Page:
After Capt. Robert Morris Coleman returned home, he learned that, on 11 Dec 1835, he had been elected one of three delegates from Mina to attend the Constitutional Convention. The convention, scheduled for 1 Mar 1836 at Washington-on-the-Brazos, was also attended by the other two delegates, John W. Benton and Thomas J. Gazley. While attending the convention, Robert signed the Texas Declaration of Independence on 2 Mar 1836. He soon rejoined Austinís army, was promoted to major, became aide-de-camp to General Sam Houston and fought in the Battle of San Jacinto.
When Sam Houston./a> left the Cibolo for San Felipe, neither he nor Robert Morris had any idea they were on a collision course with history. During the days leading up to the revolutionís defining Battle of San Jacinto, Robert Morris Coleman observed firsthand the effects alcoholism and a rumored opium addiction had on Sam Houston. Robert served under Houstonís command, but he had little respect for the man.
Events in Sam Houstonís life prior to his Texas migration were indicative of his flawed character. Sam Houston was born in hilly, wooded Rockbridge County, VA on 2 Mar 1793. He was five years older than Robert Morris Coleman. Houstonís parents were Samuel Houston who served in the Revolutionary War, and Elizabeth Paxton, a hard-working, no-nonsense woman who had little time for her fifth son Sam, nor any of her other children. For the most part, Sam was left in the care of Peggy, a family slave.
After the American Revolution, Samuel Houston Sr. became a colonel in the Virginia militia and was often away from home. The elder Samuel had little influence over his son, and in a show of rebellion, young Sam refused to be called "Samuel". When Sam was 12, his father died and his mother moved her six sons and three daughters to Tennessee. A year later, Sam ran away from home and sheltered with a band of Cherokee who had migrated to the Arkansas Territory. Houston remained estranged from his family the rest of his life, rarely mentioned them, and led people to believe he was an orphan. Two circumstances would influence Sam Houston from that point on: his relationships with the Cherokee and Andrew Jackson, who would become Samís mentor. Jackson would guide Houston through the world of politics and became a father figure to Sam until Jacksonís death in 1845. In the three years Houston lived with the Cherokee, he learned their tribal customs, their language, how to hunt, and also acquired his lifelong addiction to alcohol, despite the Cherokeesí belief in temperance.
Houston joined the army as a private and served under the command of General Andrew Jackson. It was probably during the Battle of New Orleans in the War of 1812 that Houston and Robert Morris Coleman first met. In 1814, at the age of 21, Houston was promoted to lieutenant. After the war, he settled in Nashville, became a lawyer and a politician. As with Robert Morris Coleman, Houston rarely practiced law, but for him, being a lawyer was necessary to obtain his goal of achieving high political office. From 1823-27, he served in the U.S. House of Representatives, lived in Washington D.C. and championed the cause of the Cherokee Indians. During this period, Houstonís drinking habits became voracious and resulted in Houston becoming the subject of gossip, a situation he reveled in. Then, in 1827, using his loquacious and persuasive charm, Houston was elected Governor of Tennessee, helped in part by his mentor Jackson.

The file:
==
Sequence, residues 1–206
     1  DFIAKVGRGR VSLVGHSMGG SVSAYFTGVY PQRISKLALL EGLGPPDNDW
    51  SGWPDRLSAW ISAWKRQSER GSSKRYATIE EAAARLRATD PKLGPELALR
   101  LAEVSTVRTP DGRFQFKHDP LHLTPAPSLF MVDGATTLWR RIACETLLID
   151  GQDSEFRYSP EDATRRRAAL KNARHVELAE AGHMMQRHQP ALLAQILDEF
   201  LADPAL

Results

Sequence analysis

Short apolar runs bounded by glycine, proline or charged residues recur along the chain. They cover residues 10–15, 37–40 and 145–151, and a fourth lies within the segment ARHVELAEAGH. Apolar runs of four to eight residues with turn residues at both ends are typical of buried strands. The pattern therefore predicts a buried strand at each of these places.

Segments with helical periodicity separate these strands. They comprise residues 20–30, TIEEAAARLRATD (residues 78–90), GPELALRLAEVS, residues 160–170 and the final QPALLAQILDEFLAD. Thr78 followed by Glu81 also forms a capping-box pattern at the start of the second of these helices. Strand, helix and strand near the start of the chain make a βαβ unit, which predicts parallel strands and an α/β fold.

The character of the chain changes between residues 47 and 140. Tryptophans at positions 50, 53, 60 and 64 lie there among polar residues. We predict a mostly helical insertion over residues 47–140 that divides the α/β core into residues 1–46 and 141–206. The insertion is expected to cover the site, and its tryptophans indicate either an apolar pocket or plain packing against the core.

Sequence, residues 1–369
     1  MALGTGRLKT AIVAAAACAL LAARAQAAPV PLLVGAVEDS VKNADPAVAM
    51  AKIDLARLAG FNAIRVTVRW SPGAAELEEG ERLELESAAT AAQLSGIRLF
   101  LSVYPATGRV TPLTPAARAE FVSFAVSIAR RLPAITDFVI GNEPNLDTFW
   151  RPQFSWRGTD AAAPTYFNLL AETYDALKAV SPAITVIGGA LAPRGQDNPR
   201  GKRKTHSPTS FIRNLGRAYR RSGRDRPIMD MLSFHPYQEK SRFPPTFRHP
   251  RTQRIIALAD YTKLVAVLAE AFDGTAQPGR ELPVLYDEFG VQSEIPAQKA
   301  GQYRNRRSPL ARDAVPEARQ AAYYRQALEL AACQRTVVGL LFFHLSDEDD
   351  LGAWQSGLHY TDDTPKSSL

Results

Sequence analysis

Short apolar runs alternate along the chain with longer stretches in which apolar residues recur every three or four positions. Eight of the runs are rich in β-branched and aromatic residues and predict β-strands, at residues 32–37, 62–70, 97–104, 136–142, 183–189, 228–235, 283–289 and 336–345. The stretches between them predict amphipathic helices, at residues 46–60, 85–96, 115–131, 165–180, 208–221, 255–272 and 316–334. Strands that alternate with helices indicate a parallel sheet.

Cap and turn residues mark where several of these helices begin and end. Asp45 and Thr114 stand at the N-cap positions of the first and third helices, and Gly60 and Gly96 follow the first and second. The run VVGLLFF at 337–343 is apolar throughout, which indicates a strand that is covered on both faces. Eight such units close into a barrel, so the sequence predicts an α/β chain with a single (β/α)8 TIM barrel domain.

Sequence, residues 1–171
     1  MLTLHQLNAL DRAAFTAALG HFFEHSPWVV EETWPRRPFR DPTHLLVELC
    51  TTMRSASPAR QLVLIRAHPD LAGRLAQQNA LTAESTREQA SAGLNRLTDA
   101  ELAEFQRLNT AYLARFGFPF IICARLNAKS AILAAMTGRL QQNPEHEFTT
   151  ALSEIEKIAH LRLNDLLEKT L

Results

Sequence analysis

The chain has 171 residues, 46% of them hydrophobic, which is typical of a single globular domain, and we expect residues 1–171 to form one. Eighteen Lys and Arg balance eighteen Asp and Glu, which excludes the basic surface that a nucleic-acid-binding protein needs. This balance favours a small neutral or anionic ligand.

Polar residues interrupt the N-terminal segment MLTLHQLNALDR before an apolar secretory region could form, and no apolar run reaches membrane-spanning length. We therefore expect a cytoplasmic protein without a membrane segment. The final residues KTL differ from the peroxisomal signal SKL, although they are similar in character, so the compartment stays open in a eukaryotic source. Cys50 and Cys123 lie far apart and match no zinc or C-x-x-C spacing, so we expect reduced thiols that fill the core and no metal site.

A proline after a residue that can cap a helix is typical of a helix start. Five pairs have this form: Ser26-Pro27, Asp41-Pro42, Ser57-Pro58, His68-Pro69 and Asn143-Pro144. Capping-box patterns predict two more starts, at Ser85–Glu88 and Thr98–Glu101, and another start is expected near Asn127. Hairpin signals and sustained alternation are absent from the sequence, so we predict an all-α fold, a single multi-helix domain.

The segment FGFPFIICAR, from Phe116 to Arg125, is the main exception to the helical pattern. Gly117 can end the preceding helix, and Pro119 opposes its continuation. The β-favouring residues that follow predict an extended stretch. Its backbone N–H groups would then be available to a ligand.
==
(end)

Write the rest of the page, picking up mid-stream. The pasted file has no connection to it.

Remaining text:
Two years later, during his term as governor, Houston married Eliza Allen, the first of his three wives. The marriage was doomed from the beginning. Eliza was a daughter of planter Robert Allen and his wife of Gallatin, TN, a socially and politically ambitious couple. Houston and Allen had served in Congress together and Houston often visited the Allens. Eliza, although not considered pretty, was a charming, slender blonde and an excellent horsewoman. Houston was smitten by her, unaware that Eliza loved another man.
Houston was running for re-election at the time, and believed a marriage with a daughter of the influential Allens would insure his victory. The Allens were patently in favor of a marriage between the Governor of Tennessee and their eighteen-year old daughter. The clincher was a $100 loan made to Allen by Houston when they served in Congress together. Allen was unable to repay the loan and the two men agreed that Houstonís marriage to Eliza would cancel the debt. Unfortunately for Eliza, who was a deeply religious woman, she was very much aware of Houstonís penchant for womanizing and drinking. She detested Sam and was an extremely reluctant bride.